R v. Lavergne (Publication Ban), 2017 ONCA 642

[Laskin, Simmons and Pardu JJ.A.]

Counsel:

A. Weisberg, for the appellant

C. Harper, for the respondent

Key Words: Criminal Law, Sexual Assault, Plea Bargain, Ineffective Assistance of Counsel, Sentencing, R. v. G.(D.M.), 2011 ONCA 343

R .v. Nicholas (Publication Ban), 2017 ONCA 646

[Gillese, Huscroft and Trotter JJ.A.]

Counsel:

D.J. Brodsky, for the appellant

J. Speyer, for the respondent

Key Words: Criminal Law, Break & Enter, Sexual Assault, Unreasonable Search and Seizure, Right to Counsel, Unlawful Detention, Canadian Charter of Rights and Freedoms, ss. 8 and 10(b)

R. v. Orlandis-Habsburgo, 2017 ONCA 649

[Doherty, Pepall and van Rensburg JJ.A.]

Counsel:

P. Lewin and J. Lloyd, for the appellants

B. Reitz, for the respondent

D. Guttman and M. Flanagan, for the intervener, Attorney General of Ontario

Key Words: Criminal Law, Production of Marijuana, Possession for the Purposes of Trafficking in Marijuana, Possession of the Proceeds of Crime, Search Warrants, Unreasonable Search and Seizure, Reasonable Expectiation of Privacy, Canadian Charter of Rights and Freedoms,  ss. 8 and 24(2), R. v. Gomboc, 2010 SCC 55, [2010] 3 S.C.R. 211

R. v. Robinson, 2017 ONCA 645

[Doherty, MacFarland and Paciocco JJ.A.]

Counsel:

J. Lockyer and J. Gemmell, for the appellant

C. Bartlett-Hughes, for the respondent

Key Words: Criminal Law, First-Degree Murder, Mens Rea, Juries, Instructions, Reasonableness of Verdict, , Evidence, Subsequent Conduct

Keywords: Criminal Law, Production of Marijuana, Right to Trial, Unreasonable Delay, Mistrial, Defence Delay, Stay of Proceedings, s.11(b) of the Canadian Charter of Rights and Freedoms, R. v. Jordan, 2016 SCC 27, R v. Cody, 2017 SCC 31, R. v. Morin, [1992] 1 S.C.R. 771, R. v. Coulter, 2016 ONCA 704, R v. Gordon, 2017 ONCA 436

R. v. Riley, 2017 ONCA 650

[LaForme, Watt and Trotter JJ.A.]

Counsel:

J. Wilkinson and M. Salama, for the appellant, Phillip Atkins

J. Lockyer and A. Ostroff, for the appellant, Jason Wisdom

J. Presser and N. Yanful, for the appellant, Tyshan Riley

R. Hubbard, K. Papadopoulos and H. Freeman, for the respondent

Keywords: Criminal Law, First Degree Murder, Unreasonable Search and Seizure, Canadian Charter of Rights and Freedoms, s. 8 and s. 24(2), Jury Selection, Challenge for Cause, Criminal Code of Canada, s. 640(2.1) and (2.2), Evidence, Bad Character, Joinder, Canada Evidence Act, R.S.C., 1985, c. C-5, s. 9(1), R. v. Vectrovec, [1982] 1 S.C.R. 811, R. v. Khela, 2009 SCC 4, R. v. Grant, 2009 SCC 32, R. v. Sherrat, [1991] 1 S.C.R. 590, R. v. Find, 2001 SCC 32, R. v. Litchfield, [1993] 4 S.C.R. 333, R. v. Last, 2009 SCC 45, R. v. Rojas, 2008 SCC 56, R. v. Daley, 2007 SCC 53, R. v. Goldhart, [1996] 2 S.C.R. 463, R. v. Perciballi (2001), 54 O.R. (3d) 346 (C.A.) R. v. Noureddine, 2015 ONCA 770, R. v. Husbands, 2017 ONCA 607, R v. Grant, 2016 ONCA 639, R. v. Murray, 2017 ONCA 393, R. v. V. (W.), 2017 ONCA 546, R. v. Brown (2002), 166 C.C.C. (3d) 570 (Ont. C.A.), R. v. Betker (1997), 115 C.C.C. (3d) 421 (Ont. C.A.), R. v. Moore-McFarlane (2001), 160 C.C.C. (3d) 493 (Ont. C.A.), R. v. Hubbert (1975), 29 C.C.C. (2d) 279 (Ont. C.A.), R. v. Gayle (2001), 154 C.C.C. (3d) 221 (Ont. C.A.), R. v. Rose (1997), 100 O.A.C. 67 (Ont. C.A.), R. v. Roks (2011), 274 C.C.C. (3d) 1 (Ont. C.A.), R. v. White, 2014 ONCA 64, R. v. James (2006), 84 OR (3d) 227 (C.A.), R. v. Kostyk, 2014 ONCA 447, R. v. Bradey, 2015 ONCA 73, R. v. Zebedee (2006), 81 O.R. (3d) 583 (C.A.), R. v. Rowe, 2011 ONCA 753, R. v. Murray, 2017 ONCA 393, R. v. Tran, 2010 ONCA 471, R. v. Gelle, 2009 ONCA 262, R. v. Figueroa, 2016 ONCA 645, R. v. Largie, 2010 ONCA 548, Trustcott (Re), 2007 ONCA 575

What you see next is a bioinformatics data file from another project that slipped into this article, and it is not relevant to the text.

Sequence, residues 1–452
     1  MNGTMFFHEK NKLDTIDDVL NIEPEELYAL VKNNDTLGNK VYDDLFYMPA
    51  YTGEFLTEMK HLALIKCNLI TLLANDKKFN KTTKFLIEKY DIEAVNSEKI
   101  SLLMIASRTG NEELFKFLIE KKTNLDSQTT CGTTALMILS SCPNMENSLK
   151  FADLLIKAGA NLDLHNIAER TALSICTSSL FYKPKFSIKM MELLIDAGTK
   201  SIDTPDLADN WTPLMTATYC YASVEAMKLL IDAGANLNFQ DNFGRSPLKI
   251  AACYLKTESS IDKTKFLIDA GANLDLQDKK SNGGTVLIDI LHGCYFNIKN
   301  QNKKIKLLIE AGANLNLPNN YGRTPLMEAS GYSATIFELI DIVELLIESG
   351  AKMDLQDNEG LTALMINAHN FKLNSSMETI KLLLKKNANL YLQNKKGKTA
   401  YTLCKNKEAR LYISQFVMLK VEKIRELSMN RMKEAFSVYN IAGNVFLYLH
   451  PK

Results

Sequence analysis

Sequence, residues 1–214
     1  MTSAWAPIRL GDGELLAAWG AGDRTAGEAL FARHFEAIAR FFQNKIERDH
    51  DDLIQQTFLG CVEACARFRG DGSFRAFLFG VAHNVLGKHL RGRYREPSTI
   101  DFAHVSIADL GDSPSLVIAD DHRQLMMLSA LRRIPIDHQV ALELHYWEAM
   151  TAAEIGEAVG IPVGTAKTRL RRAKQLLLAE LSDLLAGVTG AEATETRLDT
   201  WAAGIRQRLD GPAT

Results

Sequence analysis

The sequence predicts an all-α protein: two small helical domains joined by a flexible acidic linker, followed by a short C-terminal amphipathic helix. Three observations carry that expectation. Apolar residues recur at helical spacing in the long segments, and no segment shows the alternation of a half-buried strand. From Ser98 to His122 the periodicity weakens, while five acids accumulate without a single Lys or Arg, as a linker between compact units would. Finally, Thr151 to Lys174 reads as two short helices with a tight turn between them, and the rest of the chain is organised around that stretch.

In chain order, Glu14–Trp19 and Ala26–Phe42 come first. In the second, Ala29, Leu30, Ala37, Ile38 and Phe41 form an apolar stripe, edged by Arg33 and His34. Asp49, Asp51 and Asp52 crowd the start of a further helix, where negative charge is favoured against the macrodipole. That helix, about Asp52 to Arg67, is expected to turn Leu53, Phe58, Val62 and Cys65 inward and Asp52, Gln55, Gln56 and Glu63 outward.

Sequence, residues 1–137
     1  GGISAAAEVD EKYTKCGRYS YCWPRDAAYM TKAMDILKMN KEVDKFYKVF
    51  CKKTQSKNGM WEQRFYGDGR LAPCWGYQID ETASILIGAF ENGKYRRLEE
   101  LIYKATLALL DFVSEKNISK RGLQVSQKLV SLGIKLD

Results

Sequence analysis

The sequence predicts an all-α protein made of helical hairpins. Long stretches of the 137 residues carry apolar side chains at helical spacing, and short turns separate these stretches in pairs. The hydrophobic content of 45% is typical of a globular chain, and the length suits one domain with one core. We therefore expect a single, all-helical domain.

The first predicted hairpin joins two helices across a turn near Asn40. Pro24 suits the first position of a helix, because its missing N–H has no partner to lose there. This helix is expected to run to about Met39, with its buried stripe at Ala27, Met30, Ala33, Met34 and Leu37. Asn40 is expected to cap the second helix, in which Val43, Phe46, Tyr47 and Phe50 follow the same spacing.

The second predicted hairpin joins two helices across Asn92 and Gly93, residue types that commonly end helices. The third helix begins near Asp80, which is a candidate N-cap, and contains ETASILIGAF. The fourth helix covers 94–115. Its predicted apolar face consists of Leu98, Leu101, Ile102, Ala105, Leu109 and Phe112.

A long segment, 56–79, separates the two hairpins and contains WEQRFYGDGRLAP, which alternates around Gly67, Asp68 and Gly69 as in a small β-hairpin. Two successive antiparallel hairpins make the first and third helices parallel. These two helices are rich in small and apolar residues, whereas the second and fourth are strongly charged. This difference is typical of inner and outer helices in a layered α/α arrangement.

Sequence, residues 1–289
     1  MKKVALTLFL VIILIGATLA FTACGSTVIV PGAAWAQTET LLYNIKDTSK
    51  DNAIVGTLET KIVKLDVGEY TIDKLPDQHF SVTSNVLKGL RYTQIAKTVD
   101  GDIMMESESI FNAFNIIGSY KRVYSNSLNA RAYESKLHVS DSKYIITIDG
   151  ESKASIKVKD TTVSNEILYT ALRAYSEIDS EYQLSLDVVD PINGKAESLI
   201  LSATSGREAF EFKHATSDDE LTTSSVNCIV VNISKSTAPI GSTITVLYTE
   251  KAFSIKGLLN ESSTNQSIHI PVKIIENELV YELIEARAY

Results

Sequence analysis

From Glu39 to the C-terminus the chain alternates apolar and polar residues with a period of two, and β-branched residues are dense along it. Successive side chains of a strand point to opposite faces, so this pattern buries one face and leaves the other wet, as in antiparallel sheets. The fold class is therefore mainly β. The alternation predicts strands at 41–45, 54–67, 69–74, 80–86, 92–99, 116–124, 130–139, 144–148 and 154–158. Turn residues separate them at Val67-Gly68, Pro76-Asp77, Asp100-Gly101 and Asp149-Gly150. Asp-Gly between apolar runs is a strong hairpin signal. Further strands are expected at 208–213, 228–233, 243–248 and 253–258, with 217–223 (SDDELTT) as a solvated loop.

The information contained in our summaries of the decisions is not intended to provide legal advice and does not necessarily cover every matter raised in a decision. For complete information or for specific advice, please read the decision or contact us.